The complaints by the Vermont senator and his aides about news coverage — not entirely without merit — have been a constant theme and viewed by the campaign as good politics in his run for the presidency.
Sen. Bernie Sanders spent $360,000 on private planes and $93,000 on “office supplies” from Amazon, as he outpaced other Democrats in fundraising.
In two appearances Monday, he strongly implied the newspaper was biased in its reporting because it is owned by Jeff Bezos — who also is the majority owner of Amazon, a frequent target of the Vermont senator.
Sen. Bernie Sanders outspends all the competition, including $130,000 on office supplies from Amazon and $200,000 on voter information in early primary states.
Critics argue that it’s not the state’s place to use taxpayer money to help Amazon — which competes head-to-head against Vermont retailers that are struggling to survive — hire workers in the state.
With the border wall funding budget stalemate over, the members of Vermont’s delegation are starting work on an array of priorities for the new Congress.
The bill bans companies from buying back stock unless employees are paid at least $15 an hour and able to earn up seven days of annual paid sick leave.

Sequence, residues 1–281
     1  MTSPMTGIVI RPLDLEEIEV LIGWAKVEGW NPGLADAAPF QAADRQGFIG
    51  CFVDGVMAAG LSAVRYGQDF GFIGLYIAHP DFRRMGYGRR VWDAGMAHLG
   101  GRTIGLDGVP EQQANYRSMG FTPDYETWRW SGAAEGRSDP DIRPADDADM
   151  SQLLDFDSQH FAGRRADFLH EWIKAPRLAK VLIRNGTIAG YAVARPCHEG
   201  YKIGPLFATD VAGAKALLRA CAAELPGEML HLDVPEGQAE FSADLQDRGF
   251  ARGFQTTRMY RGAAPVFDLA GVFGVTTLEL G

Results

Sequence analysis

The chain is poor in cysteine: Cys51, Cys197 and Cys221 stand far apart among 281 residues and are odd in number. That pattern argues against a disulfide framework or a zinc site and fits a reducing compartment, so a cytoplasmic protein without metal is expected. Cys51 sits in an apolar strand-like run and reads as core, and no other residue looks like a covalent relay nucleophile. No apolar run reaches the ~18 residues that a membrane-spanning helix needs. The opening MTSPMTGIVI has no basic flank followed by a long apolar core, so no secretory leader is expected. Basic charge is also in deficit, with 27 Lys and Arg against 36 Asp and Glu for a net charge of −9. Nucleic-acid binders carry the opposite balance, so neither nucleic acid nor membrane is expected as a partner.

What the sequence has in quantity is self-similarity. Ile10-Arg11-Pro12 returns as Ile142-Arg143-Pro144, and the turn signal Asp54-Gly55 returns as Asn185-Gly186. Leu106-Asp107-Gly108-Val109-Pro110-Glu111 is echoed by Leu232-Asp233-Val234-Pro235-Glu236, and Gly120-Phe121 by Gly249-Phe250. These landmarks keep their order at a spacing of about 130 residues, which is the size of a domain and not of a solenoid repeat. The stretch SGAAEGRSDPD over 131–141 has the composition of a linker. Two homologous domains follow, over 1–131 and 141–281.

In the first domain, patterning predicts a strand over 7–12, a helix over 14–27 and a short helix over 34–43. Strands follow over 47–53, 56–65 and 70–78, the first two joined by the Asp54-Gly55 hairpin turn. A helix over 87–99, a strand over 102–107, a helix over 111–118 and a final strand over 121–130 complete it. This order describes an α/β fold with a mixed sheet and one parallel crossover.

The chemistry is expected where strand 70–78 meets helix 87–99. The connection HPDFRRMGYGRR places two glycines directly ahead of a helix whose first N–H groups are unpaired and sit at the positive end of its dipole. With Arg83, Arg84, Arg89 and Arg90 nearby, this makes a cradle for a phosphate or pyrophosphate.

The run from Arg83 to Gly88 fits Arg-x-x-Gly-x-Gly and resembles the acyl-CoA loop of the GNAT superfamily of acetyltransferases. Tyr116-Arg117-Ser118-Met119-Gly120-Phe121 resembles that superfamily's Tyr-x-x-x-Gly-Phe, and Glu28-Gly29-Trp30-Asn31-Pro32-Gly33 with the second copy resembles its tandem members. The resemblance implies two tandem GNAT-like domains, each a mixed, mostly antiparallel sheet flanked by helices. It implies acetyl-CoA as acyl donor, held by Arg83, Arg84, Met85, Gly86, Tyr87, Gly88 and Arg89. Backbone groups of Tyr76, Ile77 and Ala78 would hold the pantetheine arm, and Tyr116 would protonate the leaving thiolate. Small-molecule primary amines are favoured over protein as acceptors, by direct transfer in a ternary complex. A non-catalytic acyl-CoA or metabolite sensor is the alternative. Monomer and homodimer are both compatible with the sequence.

The mom and pop stores still need the less-skilled workers that Amazon doesn’t need.
The wealthiest man in the world will start paying employees at his company $15 an hour, meeting demands by Sen. Bernie Sanders and a legion of activists.
At the state and federal levels, we need to continue to think about how we can protect and support our locally owned independent businesses so they are able to be successful and in turn provide good and sustainable jobs to those they employ.
The Vermont senator’s legislation would give large companies the choice of paying their employees a livable wage or be taxed for federal assistance programs in which the workers participate.
On this week’s podcast, recorded live in Manchester, researcher Stacy Mitchell describes Amazon’s expanding role in local and national commerce.
In two events next week, experts will discuss what the giant Internet retailer’s dominance means for Vermont’s businesses, jobs and communities.
No deeply red state will win the Amazon sweepstakes and that is not a coincidence.